First Quantum Minerals says it will go ahead and reduce production at its Sentinel mine immediately the new Sales Tax takes effect on 1st April 2018.
FQM Director of Operations Matt Pascall said in a staff memo that the reduction in production will inevitably result in job cuts.
Mr Pascall has also denied allegations that it is using arm twisting tactics to oppose the new tax measures contained in the 2019 budget.
He said following the 2019 Budget announcement on 28th September, Kalumbila Minerals Limited has conducted a thorough analysis with respect to the Budget’s impact on the Sentinel Mine. First Quantum Minerals (FQM) and KML are mindful of the concerns expressed by various observers and other stakeholders about reducing the number of employees at the mine,” Mr Pascall said.
“Some of the comment has been that reducing employee numbers should be a last resort after all other avenues of cost reduction have been exhausted. We would like to assure all our employees that this is exactly the position taken by KML,” he said.
“Our major costs are: taxes; electricity; maintenance spares; reagents and consumables (diesel); and wages and salaries. We have very little control of the cost of taxes, electricity and diesel as these are set by the government – furthermore all of these have been subject to steady increases over the past 7 years, even where such increases are in contradiction to signed agreements,” he observed.
Mr Pascall stated that with the low grade of ore at Sentinel Mine at 0.5% Copper which is the lowest being mined in Zambia and the historic low copper prices of 2016/17 the mine has done, and continues to do, everything possible to minimise its costs and consumption of reagents, consumables, maintenance spares and labour.
He said the sole remaining avenue to reduce consumption is by reducing the tonnage throughput.
“Once the new tax measures take effect it will no longer be economically viable to continue to run Sentinel’s operations at full capacity. It is with deep regret that the reduction in operational output will also lead to a reduction in employee headcount,” he said.
Mr Pascall said this reduction in both throughput and employee numbers will take place over a period of some months and those affected will be notified in due course through their line managers.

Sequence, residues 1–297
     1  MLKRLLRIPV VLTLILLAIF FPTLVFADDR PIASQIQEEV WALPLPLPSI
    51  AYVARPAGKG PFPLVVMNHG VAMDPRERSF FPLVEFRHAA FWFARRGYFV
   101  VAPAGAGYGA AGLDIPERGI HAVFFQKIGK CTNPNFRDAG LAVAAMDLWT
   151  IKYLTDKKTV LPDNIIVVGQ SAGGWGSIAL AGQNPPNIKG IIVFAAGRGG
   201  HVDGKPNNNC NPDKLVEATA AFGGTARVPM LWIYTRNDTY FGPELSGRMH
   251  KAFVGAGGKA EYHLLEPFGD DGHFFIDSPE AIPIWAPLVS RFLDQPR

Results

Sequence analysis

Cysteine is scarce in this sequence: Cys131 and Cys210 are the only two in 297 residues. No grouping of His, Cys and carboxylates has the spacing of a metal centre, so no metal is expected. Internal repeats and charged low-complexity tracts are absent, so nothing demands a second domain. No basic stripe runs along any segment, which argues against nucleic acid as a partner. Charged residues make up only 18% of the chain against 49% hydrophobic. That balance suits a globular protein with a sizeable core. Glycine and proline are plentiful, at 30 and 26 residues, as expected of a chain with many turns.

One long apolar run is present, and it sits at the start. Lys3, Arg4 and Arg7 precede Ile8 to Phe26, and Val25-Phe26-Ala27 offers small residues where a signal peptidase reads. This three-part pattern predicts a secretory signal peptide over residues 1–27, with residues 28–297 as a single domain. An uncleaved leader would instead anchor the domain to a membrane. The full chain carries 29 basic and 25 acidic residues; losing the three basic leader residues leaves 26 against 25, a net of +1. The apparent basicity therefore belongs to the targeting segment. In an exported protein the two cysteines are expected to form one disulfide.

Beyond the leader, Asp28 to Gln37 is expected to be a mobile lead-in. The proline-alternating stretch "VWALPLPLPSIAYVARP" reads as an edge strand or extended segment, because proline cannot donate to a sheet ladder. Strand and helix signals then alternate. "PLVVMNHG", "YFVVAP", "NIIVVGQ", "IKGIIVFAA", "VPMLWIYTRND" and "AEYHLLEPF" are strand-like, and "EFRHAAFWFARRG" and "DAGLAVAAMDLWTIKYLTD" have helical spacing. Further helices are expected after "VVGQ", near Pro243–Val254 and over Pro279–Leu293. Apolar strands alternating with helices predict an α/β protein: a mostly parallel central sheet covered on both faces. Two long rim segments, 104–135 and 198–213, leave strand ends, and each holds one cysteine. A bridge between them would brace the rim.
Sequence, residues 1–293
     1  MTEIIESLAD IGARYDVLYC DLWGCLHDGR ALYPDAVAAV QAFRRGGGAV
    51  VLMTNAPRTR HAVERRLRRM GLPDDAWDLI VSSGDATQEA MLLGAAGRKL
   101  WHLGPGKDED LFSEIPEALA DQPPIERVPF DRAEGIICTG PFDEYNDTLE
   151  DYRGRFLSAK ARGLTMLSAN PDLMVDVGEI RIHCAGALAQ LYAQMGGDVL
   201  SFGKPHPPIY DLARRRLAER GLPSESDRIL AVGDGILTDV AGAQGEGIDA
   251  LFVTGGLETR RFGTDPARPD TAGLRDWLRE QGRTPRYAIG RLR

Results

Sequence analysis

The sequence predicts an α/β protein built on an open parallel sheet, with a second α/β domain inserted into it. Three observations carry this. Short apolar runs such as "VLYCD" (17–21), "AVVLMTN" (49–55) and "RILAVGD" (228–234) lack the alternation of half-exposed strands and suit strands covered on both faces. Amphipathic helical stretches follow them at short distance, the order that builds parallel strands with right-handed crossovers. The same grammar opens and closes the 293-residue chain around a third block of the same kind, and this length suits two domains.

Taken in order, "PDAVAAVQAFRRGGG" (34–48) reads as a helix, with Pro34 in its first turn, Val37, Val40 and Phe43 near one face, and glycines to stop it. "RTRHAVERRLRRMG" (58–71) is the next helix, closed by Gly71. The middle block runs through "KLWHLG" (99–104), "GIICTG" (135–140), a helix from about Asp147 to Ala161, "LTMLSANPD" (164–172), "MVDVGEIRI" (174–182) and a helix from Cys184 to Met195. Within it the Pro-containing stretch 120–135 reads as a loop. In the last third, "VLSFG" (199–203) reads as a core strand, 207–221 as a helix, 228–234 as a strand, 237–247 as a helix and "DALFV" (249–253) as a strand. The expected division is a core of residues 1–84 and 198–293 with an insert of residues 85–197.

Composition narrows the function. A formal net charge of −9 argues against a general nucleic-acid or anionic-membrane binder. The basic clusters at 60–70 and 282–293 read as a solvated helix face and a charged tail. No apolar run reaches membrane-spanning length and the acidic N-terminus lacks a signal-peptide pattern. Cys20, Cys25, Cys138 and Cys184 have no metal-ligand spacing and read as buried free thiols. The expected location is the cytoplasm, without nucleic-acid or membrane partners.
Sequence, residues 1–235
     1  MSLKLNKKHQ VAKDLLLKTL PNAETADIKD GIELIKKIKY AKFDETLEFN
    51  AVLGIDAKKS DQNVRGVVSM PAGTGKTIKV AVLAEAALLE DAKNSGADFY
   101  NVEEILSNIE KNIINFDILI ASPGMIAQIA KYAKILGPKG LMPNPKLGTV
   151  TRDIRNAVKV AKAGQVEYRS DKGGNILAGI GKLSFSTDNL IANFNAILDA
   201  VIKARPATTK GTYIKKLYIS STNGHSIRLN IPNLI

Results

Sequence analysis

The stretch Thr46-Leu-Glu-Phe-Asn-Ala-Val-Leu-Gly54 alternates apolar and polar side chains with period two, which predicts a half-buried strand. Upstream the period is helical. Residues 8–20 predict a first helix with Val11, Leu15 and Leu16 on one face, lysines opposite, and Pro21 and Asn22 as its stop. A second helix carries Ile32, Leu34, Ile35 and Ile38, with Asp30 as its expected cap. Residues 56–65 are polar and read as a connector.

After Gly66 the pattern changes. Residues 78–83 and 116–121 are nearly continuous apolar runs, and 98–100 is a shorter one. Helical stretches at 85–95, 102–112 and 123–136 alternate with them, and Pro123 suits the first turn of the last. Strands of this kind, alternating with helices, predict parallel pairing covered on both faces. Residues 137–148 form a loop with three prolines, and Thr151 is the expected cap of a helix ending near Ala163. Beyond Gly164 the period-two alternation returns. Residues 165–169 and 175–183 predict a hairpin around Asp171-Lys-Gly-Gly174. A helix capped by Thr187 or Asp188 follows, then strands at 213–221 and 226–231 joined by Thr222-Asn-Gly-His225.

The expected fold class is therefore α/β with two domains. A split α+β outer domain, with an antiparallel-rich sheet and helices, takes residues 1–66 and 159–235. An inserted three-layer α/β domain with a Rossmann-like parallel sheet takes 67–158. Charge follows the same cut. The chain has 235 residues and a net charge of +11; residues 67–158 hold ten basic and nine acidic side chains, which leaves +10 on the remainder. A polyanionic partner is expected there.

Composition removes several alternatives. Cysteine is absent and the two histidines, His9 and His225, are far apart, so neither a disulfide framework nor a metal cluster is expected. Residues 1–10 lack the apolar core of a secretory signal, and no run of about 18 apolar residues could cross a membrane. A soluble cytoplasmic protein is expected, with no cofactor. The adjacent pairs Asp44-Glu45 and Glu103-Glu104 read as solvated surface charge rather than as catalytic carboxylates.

“However, the imposition of General Sales Tax on 1st April, which is likely to increase our costs by at least 20% on procured items, will necessitate the full manpower reduction to be in place by that date. Various government spokesmen have commented that KML should have dialogues with government and not simply resorted to “strong arm tactics”. We, and I personally, have met with numerous Honourable Ministers and other government officials from the very early dates that the various tax changes were proposed. We discussed in detail the implications, including reducing work forces, and even left them with written confirmation of our concerns,” he said.
“Unfortunately, despite all efforts (not only by FQM but also the whole of the mining industry) to objectively and transparently inform decision makers on the inevitable consequences of the proposed measures, our message seems not to have been heard, and the tax changes have been implemented.”
Mr Pascall assured that Sentinel Management will do its best to mitigate the impact that these changes will have on employees and the broader Kalumbila community.
“We would hope that at some time in the future the tax regime will be adjusted to take into account the requirement of investors to make satisfactory returns on their investment, and would like to assure any affected workers that wherever possible they will be reemployed once it becomes viable to revert to full production.”
He added, “In anticipation of a future return to full production and throughput it will be management’s critical responsibility to ensure that the entire plant for this wonderful, world-class, mine is maintained in first class, ready-to-work, condition.”
He hoped that threats to reduce access to expertise required to ensure this condition is maintained will not eventuate.
“We will keep you informed at every stage of this restructuring of Sentinel’s operations. Finally, I would like to thank our entire workforce at every level and in every role for the part you have played in making Sentinel one of the world’s great mines. It has been a long hard road and many of you have worked long hours to overcome operational problems and help us get to the current situation, where some of the biggest and most modern equipment in the world functions so well,” he said.
“Management’s prime responsibility is to ensure the long term viability and continuity of this mine, and it is with deep regret that the steps outlined above will be required for reasons outside of our control. Despite this message I would like to extend Season’s Greetings to all employees for a Blessed Christmas and to wish you and your families a Healthy, Safe and Prosperous 2019.”